Frame

Since its inception in 1999, the Homeworld series’ hallmark has been its rich narrative, full of iconic moments across multiple titles that have stuck with fans for decades. As we prepare for the launch of Homeworld 3, the next chapter in this GOTY-winning sci-fi RTS series, we’re thrilled to interview Gearbox Managing Director of Narrative Writing Lin Joyce. Below, she talks about her role in shaping this new entry’s campaign as well as her responsibility overall within the framework of storytelling here at Gearbox.  

What got you interested in Narrative Design and Writing in general? 

I don’t remember a time when I wasn’t interested in writing. Before I could read, before I even went to school and learned how to draw letters (let alone make words with them) I was pretending to write books just by scribbling on paper and drawing pictures. There was always something magical about how words could unlock entire worlds, and I’ve always wanted to be able to create that kind of magic.  

My love for Narrative Design took a little longer to flourish, and it’s possibly too jumbled a journey to untangle here, but I can say that it comes from a combination of interests: narratology (the study of narrative structures, themes, conventions, etc.), social agency theory, literature, theater, and game design. Many of the issues and criticisms against games, especially “story” games, were old criticisms applied to a new medium. As a scholar, I wanted to take a closer look at how older mediums grew, altered, or changed as a result of these criticisms and see if any of the same tactics could be applied to games. That investigation ended up leading me to a PhD in Narrative System Design. And while my focus of study changed over time, I’ve been thinking about storytelling in games ever since.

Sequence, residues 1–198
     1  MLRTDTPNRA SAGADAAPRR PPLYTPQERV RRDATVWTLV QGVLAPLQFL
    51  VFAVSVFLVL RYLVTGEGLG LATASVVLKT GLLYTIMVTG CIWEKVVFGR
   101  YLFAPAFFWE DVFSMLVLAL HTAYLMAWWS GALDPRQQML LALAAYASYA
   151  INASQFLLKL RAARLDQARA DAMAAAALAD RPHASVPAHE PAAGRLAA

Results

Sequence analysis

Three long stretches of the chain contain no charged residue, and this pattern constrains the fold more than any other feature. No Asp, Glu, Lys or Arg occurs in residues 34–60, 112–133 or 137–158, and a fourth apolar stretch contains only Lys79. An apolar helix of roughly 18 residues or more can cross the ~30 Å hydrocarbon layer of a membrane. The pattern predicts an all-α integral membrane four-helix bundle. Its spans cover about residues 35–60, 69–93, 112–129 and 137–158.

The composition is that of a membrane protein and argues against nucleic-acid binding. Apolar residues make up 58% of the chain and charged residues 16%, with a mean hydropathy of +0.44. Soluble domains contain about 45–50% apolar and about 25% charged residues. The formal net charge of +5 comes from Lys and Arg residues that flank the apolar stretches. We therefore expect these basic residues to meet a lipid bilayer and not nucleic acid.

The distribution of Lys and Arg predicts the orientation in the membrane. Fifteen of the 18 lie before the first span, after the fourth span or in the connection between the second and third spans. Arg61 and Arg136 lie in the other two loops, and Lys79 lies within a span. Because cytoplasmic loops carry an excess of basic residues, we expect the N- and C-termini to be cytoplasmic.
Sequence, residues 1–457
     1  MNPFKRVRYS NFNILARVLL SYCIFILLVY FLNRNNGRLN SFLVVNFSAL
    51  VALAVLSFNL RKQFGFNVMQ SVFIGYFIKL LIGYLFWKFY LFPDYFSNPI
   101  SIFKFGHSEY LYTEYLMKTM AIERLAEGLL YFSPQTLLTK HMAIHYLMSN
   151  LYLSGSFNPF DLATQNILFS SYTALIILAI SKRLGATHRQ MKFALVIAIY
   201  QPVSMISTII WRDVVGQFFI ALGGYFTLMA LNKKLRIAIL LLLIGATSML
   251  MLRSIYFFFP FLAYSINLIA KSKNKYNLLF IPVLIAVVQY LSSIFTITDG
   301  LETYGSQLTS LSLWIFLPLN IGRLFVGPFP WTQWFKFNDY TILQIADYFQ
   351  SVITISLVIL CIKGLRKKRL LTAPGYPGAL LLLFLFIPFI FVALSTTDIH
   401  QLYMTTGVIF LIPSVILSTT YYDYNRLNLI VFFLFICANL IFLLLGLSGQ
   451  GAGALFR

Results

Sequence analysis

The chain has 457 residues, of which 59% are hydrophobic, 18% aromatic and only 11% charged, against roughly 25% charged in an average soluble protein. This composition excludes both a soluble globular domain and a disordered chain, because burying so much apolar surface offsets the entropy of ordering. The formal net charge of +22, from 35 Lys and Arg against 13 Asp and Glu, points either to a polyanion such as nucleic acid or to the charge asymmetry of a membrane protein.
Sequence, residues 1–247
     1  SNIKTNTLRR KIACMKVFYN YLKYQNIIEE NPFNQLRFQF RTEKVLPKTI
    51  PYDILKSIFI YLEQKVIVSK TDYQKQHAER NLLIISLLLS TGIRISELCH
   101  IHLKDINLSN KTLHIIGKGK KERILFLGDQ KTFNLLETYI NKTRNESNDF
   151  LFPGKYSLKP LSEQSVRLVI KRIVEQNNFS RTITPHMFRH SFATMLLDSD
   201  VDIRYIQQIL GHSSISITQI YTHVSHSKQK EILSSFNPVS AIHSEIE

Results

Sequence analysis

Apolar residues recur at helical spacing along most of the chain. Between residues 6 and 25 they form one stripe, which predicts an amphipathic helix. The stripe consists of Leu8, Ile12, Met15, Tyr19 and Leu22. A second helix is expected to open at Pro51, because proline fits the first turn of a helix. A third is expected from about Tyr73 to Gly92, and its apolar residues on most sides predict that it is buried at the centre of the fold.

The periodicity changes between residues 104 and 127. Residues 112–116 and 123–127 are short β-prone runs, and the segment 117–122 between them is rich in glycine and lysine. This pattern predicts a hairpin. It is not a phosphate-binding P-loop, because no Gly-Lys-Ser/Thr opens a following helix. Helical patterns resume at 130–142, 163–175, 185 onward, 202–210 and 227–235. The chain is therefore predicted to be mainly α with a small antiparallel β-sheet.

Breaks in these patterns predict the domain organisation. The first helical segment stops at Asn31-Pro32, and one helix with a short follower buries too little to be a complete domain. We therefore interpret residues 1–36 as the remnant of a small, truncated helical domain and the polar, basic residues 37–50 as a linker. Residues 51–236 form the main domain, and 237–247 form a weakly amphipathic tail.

What draws you to Homeworld? Are there any themes or specific narratives within the franchise you treasure more than the rest? 

The Homeworld franchise has so many good themes, and many of them are buried in the richly intricate concept that gives the franchise its name. There’s so much bound up in the idea of a “Homeworld” – legacy, heritage, identity, loyalty, and family, just to name a few. And within this franchise, each of those themes is complicated by the circumstances of displacement, technology, war, and prophecy. Having such rich themes at your disposal and then placing them in an expansive universe complete with space travel makes for a storyteller’s delight. 

Why is conflict necessary in a story? Can a good story exist without conflict? 

My stance is that stories require change. When we talk about conflict, we are talking about the catalyst that leads to change. So, when I am brainstorming, I don’t ask “what’s the conflict?” I ask “what does this person want?” “What challenge must they overcome to get it?” “And how does succeeding or failing alter them?” In other words, I’m trying to define their arc. Sometimes that arc is subtle. Sometimes it’s dramatic. And then sometimes the character doesn’t change at all, but their lack of change or resistance to change is what becomes compelling. Either external or internal forces are acting on the characters, or characters are acting on internal or external forces. It’s easiest to sum that up as “conflict,” but the important thing about conflict is how your characters sit in it, handle it, and emerge from it. 

How do you balance finding new stories to tell within an established IP like Homeworld while also being respectful and paying homage to its past? 

Once a story is shared, it belongs to the collective. It becomes a cultural artifact. And over time, our shared and collective memory of the story subtly shifts. We’ll start to remember the idea of the artifact more than its specifics. So, when we are lucky enough to get to be the custodians of a beloved IP, it’s important to balance two things: the true and factual story as told, and the remembered story.